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What is Ultraviolet Radiation?

By James Doehring
Updated May 21, 2024
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Ultraviolet radiation (UV) is a specific range of light on the electromagnetic spectrum. It is invisible to humans because its wavelength range is beyond the limit of human perception. UVs are known to cause sunburn, but they also have beneficial effects on human health. The sun emits much ultraviolet radiation, but most of this is blocked from reaching Earth's surface by the ozone layer. Applications of UV technology are widespread in modern developed countries.

The German physicist Johann Wilhelm Ritter discovered ultraviolet radiation in 1801 by observing sunlight's effects on silver salts. He noticed that light with a wavelength just beyond that of visible violet light induced a chemical reaction in certain compounds. Electromagnetic radiation is divided into groups based on a property called wavelength, which is related to the radiation's energy content. The term "chemical rays" was soon adopted to distinguish this new form of light ray. Ultraviolet radiation is the preferred term today, and is defined to have a wavelength range of 10 to 400 nanometers.

It is known that UV rays cause sunburn and some forms of skin cancer. This occurs when excessive ultraviolet radiation is absorbed by DNA molecules, the molecules that contain genetic instructions in living things. This can cause mutations, or permanent changes in the genetic code. Healthy levels of UV exposure differ for different skin pigments, with darker skin capable of absorbing more UV radiation.

A majority of scientists agree that sunscreen can prevent sunburn in humans. For healthy UV exposure, people should use use sunscreen with an SPF rating of 30 or above, and reapply it every few hours. Babies and young children should be protected from the sun. Sunlight is most intense from 10am to 3pm, so exposure during these hours should be limited. People who spend a lot of time outside should consider wearing tightly-woven fabrics for extra protection.

Despite its detrimental effects, some level of UV exposure is believed to be beneficial. UV rays that strike the skin can induce the production of vitamin D, which has an important regulatory function for the nervous system. Vitamin D is also believed to aid in bone maintenance and growth.

Ultraviolet radiation can be produced artificially, just like visible light can. Tanning beds use UV rays to produce the same effect on skin as natural sunlight. High levels of UV can be used to sterilize, or disinfect, surfaces in hospitals and scientific laboratories. In astronomy, UV detection can give clues to an astronomical object's temperature and composition.

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Discussion Comments
By kylee07drg — On Aug 17, 2011

@OeKc05 - I can remember a time when experts used to recommend wearing a sunscreen of at least SPF 15. Years after that, they started recommending SPF 30. It could be that since you heard that expert years ago, the suggestions may have changed by now. You should try a higher SPF.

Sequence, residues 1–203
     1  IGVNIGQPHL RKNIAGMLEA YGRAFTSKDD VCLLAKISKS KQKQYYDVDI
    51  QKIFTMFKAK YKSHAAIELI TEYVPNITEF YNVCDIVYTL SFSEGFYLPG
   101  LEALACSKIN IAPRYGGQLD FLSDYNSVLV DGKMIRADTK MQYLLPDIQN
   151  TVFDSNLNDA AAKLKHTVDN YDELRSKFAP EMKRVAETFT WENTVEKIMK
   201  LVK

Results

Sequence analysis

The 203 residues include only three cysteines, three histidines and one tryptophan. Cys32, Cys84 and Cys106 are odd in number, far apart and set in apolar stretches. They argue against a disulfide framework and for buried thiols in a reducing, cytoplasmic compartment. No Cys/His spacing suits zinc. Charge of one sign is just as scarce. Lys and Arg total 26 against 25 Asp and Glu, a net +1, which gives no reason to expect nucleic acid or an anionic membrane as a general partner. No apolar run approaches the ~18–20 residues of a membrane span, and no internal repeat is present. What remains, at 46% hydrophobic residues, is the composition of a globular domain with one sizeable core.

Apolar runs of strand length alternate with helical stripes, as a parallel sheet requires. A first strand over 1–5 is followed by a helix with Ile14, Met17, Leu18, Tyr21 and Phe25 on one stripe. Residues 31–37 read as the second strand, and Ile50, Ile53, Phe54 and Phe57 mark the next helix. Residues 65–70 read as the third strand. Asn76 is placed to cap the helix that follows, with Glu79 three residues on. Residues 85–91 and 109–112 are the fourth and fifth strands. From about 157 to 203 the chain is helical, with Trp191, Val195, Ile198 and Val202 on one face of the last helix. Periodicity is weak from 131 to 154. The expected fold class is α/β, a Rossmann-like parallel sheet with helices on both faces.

I know that SPF 15 used to offer plenty of protection for me. Years later, I would always get sunburn when I wore it, so I switched to SPF 30, which worked much better.

I believe this is due to the depletion of the ozone layer. As its protection disappears, the ultraviolet rays permeate the world more directly. We need more protection today than we did even twenty years ago.

By Perdido — On Aug 17, 2011

I have fair skin, and it seems that nearly all of my friends are able to handle ultraviolet radiation better than I can. They tend to tan easily, and I tend to get pink.

I have to wear sunscreen even if I’m only going to be outside for 45 minutes. Most of my slightly darker-skinned friends could get a nice golden color in this amount of time.

I know that my fair skin makes me more at risk for skin cancer than the others. I think this is because getting sunburn is worse than getting a suntan, and I have gotten far more burns in my life than my pals have.

By OeKc05 — On Aug 16, 2011

Years ago, I heard an expert on ultraviolet radiation say that any sunscreen above SPF 30 could not really offer much extra protection. I really wonder if this is true.

My husband and I like to go to the lake, but we always get a little bit pink from the UV rays, even though we wear SPF 30 sunscreen. Next time we go, we are going to try one with a higher SPF, like 50 or 70.

Even though we use the spray-on kind, I have a feeling it may be coming off when our skin sticks to the floats. It kind of feels like we have to peel our skin off the things. However, this type of sunscreen is hard to scrub off, even in the shower with soap, so I’m not sure what’s happening to cause us to burn.

By wavy58 — On Aug 16, 2011

When I stay out in the sun just a short while, I can actually feel its goodness in my body. The warmth penetrates my skin, and maybe the healthy, happy feeling I get is from the vitamin D.

I don’t stay in direct sunlight long enough to burn. I love being in the sun on fall and winter days, when it is far enough away that I can stay out a little longer without needing sunscreen.

My mother’s doctor actually recommended that she get some sunshine because of her vitamin D deficiency. I know that being outdoors for even just 20 minutes a day did a lot to lift her mood as well as her vitamin level.

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